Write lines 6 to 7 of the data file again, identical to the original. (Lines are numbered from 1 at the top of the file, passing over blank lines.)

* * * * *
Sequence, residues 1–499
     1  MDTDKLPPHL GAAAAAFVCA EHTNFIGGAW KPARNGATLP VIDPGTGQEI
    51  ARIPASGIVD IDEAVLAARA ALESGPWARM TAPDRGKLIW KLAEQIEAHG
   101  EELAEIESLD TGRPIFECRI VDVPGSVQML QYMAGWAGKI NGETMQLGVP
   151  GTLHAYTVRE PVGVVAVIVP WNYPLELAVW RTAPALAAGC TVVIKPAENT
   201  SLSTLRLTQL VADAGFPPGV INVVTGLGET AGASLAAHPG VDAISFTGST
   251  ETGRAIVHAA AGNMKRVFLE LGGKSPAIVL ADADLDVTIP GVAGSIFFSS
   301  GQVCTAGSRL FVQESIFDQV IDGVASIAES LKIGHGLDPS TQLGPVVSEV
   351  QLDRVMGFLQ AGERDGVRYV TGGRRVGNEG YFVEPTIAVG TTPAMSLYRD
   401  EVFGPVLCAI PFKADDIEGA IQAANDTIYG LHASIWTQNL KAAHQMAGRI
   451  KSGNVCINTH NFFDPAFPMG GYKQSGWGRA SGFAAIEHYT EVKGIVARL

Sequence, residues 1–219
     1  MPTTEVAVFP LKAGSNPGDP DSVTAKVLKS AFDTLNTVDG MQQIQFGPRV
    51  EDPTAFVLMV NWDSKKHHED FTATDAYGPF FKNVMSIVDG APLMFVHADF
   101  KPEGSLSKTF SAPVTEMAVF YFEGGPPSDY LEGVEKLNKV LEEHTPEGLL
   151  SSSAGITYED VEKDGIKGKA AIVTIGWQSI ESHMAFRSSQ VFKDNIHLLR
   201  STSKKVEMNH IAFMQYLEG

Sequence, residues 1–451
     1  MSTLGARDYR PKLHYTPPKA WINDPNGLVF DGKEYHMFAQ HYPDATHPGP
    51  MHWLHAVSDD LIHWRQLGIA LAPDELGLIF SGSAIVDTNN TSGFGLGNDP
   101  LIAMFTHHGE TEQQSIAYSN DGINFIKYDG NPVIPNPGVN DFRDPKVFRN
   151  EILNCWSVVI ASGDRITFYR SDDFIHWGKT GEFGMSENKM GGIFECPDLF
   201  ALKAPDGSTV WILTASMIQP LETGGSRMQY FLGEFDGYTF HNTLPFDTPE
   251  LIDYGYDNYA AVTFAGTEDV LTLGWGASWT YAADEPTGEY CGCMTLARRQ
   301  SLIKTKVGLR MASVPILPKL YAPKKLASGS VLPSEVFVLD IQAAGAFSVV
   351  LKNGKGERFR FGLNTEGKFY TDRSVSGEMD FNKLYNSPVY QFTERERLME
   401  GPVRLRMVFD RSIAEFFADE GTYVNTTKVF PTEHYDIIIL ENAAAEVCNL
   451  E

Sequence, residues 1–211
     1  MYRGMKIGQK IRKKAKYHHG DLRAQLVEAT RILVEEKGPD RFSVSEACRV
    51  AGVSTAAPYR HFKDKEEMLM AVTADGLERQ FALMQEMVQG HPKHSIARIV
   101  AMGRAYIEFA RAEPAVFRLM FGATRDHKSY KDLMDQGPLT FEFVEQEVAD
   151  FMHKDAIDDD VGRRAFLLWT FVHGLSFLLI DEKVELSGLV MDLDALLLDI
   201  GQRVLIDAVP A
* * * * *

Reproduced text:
   201  SLSTLRLTQL VADAGFPPGV INVVTGLGET AGASLAAHPG VDAISFTGST
   251  ETGRAIVHAA AGNMKRVFLE LGGKSPAIVL ADADLDVTIP GVAGSIFFSS